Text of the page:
There are millions of pro-life people and many great pro-life organizations out there. The majority of people in the U.S. now consider themselves pro-life and in fact the shrinking pro-choice trend continues. Gallup is now reporting that: “Pro-Choice” Americans at Record-Low 41%. There is a definite trend toward the pro-life point of view and Pro-Life Voices will provide a platform for the movers and shakers behind this trend to share their stories and successes with others in an effort to keep the numbers moving in the right direction.

It is my hope and prayer that Pro-Life Voices will emerge as a unifying force that will galvanize the millions of pro-life people in the United States (and elsewhere) in order to bring about meaningful change with respect to abortion, in both the legal aspects as well as the perceived need for abortion.

Many pro-choice proponents are comfortable with the idea that abortion should be “safe, legal and rare.” They already claim that abortion is far safer (for the mother) today than ever before, and as long as it remains legal, we aim to help them make abortion as rare as possible.

There is much that is already being done and much more that can be done to bring this about. Whether or not Roe v. Wade is overturned; whether or not abortion is formally outlawed in most situations; whether or not we have a pro-life President; we can make a dramatic difference. In the end, numbers are extremely important and the trend is in our favor. The “mainstream media” (which is becoming more like a trickle these days) can only present a false picture of reality for so long. If the numbers continue to trend toward pro-life philosophy a breaking point will inevitably be reached, regardless of whether Roe v. Wade is overturned or not.

I hope you will join with the vision of this program as we give a voice to those who are already effectively working to eliminate the need and desire for abortion and working to change minds toward the pro-life point of view. Think of the potential!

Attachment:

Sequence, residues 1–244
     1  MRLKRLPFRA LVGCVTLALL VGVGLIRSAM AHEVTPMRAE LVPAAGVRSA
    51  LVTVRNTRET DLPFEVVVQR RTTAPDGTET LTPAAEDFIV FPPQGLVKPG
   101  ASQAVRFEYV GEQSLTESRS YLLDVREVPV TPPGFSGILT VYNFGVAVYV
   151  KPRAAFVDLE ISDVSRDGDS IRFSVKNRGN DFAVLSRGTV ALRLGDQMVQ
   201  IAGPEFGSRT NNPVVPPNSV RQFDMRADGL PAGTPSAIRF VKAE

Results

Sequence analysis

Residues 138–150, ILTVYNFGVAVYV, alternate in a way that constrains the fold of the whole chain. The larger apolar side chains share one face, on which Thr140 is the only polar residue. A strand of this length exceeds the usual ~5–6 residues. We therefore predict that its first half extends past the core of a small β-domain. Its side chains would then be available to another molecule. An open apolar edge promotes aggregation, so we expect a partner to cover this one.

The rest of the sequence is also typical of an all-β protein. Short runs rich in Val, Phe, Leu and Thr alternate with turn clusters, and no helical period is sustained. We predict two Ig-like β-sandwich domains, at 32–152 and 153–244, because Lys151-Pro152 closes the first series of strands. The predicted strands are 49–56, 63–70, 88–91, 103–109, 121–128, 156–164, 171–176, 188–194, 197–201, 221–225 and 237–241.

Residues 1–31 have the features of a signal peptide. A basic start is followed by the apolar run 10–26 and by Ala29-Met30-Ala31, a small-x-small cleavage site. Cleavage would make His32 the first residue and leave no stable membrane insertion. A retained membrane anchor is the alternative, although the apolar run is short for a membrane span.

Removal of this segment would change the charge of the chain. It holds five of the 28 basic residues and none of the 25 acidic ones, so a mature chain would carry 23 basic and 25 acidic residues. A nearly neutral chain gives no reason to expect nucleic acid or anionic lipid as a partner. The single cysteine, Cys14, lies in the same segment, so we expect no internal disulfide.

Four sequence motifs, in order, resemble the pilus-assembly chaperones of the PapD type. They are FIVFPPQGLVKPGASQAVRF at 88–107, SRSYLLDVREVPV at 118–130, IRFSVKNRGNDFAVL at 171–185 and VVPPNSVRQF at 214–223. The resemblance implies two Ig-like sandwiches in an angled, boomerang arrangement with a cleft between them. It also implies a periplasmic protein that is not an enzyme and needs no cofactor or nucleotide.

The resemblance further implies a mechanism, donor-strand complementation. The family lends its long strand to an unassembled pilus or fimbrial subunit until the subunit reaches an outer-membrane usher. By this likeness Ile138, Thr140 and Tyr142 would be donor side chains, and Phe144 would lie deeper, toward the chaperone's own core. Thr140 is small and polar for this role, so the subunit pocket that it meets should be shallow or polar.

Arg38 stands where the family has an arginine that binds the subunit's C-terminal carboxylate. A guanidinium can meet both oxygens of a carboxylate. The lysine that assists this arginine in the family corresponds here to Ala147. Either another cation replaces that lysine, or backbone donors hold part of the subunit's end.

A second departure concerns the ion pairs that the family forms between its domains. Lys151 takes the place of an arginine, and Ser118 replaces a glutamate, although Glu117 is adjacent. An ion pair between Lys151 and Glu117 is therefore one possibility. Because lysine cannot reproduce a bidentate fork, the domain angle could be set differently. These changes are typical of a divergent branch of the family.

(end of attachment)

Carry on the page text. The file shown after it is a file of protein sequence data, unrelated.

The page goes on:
I’m encouraged! And I’m especially encouraged because we will be launching this new program with the support and participation of two ladies who are playing a dramatic role in the shift toward pro-life philosophy. One of them – Abby Johnson – is part of the trend toward pro-life thinking. Abby went through her own very dramatic shift from pro-choice to pro-life in 2009 and we will be interviewing her for the launching of Pro-Life Voices. Abby will discuss her own journey from pro-choice to pro-life and will also discuss the founding of her new ministry called “And Then There Were None” which is a ministry dedicated to encouraging abortion clinic workers to leave the abortion industry. Her efforts are yielding encouraging results. The abortion industry cannot sustain itself without workers willing and able to perform and assist with abortions.

The special guest for our second interview will be Melissa Ohden. Melissa is the survivor of a saline-infusion abortion. When you say that, most people don’t understand what you mean. Melissa did not have an abortion, her biological mother did in 1977. Because that abortion failed we are privileged to hear Melissa’s story of survival. She was left for dead with the “discarded medical waste” but a nurse heard her tiny cry and saved Melissa’s life. She not only survived but has thrived and is today a pro-life speaker and author with one of the most powerful testimonies you’ll ever hear.